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Polyethylene glycol as an indigestible marker to estimate fecal output in dairy cows

Ahvenjärvi, S., Nyholm, L., Nousiainen, J., Mäntysaari, E.A., Lidauer, M.
Journal of dairy science 2018 v.101 no.5 pp. 4245-4258
circadian rhythm, dairy cows, diet, digestive tract, diurnal variation, dry matter digestibility, dry matter intake, feces, lactating females, lactation, near-infrared spectroscopy, neutral detergent fiber, polyethylene glycol, prediction, rumen, simulation models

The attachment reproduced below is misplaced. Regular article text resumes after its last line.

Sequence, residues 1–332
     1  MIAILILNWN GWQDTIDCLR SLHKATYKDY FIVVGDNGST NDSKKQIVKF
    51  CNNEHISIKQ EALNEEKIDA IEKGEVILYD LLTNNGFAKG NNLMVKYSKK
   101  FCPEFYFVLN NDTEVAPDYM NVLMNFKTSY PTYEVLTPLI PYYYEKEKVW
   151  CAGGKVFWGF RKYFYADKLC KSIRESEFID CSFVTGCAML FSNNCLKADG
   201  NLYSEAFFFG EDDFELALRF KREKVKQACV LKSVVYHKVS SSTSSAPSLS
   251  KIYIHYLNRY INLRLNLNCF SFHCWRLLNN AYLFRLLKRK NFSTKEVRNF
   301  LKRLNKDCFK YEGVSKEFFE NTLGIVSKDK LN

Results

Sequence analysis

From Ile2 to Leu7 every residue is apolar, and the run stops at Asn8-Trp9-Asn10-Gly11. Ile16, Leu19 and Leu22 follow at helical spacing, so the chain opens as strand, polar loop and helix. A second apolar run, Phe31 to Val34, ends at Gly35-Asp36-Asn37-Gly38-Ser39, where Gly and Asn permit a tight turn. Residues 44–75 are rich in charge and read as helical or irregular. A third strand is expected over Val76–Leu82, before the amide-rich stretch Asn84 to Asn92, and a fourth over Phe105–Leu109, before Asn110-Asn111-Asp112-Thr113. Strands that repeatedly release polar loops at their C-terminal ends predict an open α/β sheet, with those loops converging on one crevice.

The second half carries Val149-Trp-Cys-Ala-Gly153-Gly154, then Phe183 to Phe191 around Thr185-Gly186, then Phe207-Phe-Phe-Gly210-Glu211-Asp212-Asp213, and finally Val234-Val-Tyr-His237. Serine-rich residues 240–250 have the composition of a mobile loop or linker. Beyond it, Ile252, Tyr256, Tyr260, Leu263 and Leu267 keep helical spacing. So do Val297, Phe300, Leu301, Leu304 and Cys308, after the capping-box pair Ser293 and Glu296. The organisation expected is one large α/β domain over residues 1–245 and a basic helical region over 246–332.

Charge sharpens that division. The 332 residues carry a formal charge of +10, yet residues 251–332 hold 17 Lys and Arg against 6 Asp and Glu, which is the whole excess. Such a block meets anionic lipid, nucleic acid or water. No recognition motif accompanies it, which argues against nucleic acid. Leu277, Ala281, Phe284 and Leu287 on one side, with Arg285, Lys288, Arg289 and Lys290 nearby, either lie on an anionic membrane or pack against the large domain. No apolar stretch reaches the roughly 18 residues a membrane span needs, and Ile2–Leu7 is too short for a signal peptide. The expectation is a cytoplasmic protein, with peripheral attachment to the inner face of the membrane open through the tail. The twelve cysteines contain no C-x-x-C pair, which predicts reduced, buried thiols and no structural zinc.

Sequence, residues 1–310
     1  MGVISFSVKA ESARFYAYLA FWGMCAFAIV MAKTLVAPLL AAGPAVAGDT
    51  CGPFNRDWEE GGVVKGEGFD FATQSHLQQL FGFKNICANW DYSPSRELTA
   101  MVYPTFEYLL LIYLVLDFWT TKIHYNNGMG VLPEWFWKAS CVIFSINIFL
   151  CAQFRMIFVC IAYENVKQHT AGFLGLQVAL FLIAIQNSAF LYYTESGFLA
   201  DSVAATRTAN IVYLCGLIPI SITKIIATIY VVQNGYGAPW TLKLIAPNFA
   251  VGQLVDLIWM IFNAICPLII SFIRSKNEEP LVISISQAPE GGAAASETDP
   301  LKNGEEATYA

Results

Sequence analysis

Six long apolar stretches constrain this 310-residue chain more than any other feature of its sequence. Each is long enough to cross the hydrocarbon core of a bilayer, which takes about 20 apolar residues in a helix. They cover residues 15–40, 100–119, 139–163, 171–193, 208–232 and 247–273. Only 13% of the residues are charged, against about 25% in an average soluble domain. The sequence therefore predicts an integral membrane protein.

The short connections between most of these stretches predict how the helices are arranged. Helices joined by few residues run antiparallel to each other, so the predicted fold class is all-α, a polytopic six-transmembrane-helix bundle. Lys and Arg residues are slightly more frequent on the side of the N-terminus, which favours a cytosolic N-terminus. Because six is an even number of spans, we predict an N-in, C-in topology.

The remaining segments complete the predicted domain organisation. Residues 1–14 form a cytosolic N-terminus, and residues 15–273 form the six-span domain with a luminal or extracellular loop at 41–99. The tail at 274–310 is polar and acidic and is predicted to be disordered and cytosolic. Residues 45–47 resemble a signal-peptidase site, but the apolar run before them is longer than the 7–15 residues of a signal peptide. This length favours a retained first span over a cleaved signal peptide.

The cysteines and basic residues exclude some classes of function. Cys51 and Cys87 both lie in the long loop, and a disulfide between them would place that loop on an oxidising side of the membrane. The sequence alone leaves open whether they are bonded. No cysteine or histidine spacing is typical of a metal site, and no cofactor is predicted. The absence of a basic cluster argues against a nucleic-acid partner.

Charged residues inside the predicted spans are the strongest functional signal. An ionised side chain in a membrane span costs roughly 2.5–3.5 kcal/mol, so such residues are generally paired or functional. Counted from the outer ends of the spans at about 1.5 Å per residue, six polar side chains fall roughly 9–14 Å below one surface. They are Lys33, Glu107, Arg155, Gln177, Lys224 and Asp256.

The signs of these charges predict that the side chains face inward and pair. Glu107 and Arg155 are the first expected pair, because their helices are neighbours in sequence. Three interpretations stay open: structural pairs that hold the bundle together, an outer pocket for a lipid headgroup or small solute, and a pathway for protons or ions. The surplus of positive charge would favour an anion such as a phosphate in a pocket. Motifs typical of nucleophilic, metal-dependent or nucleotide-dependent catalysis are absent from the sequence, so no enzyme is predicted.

The objective of this study was to evaluate the accuracy of fecal output measurements using polyethylene glycol (PEG) as an external marker determined by near-infrared reflectance spectroscopy. In addition, the accuracy of dry matter intake predictions based on fecal output and digestibility estimated using an internal marker [indigestible neutral detergent fiber (iNDF)] was assessed. The experiment was conducted using 6 lactating dairy cows fed 2 different diets. Polyethylene glycol was administered twice daily into the rumen and the diurnal pattern of fecal concentrations and recovery in feces were determined. To evaluate the effects of alternative marker administration and sampling schemes on fecal output estimates, the passage kinetics of PEG in the digestive tract of dairy cows was determined and used for simulation models. The results indicate that PEG was completely recovered in feces and, thus, fecal output was accurately estimated using PEG. Good agreement between measured and predicted dry matter intake (standard error of prediction = 0.86 kg/d, R2 = 0.81) indicates good potential to determine feed intake using PEG in combination with iNDF. The precision of cow-specific digestibility estimates based on iNDF was unsatisfactory, but for a group of cows iNDF provided an accurate estimate of dry matter digestibility. The current study indicated that, to overcome inherent day-to-day variation in feed intake and fecal output, the minimum of 4 fecal spot samples should be collected over 4 d. Preferably, these samples should be distributed evenly over the 12-h marker administration interval to compensate for the circadian variation in fecal PEG concentrations.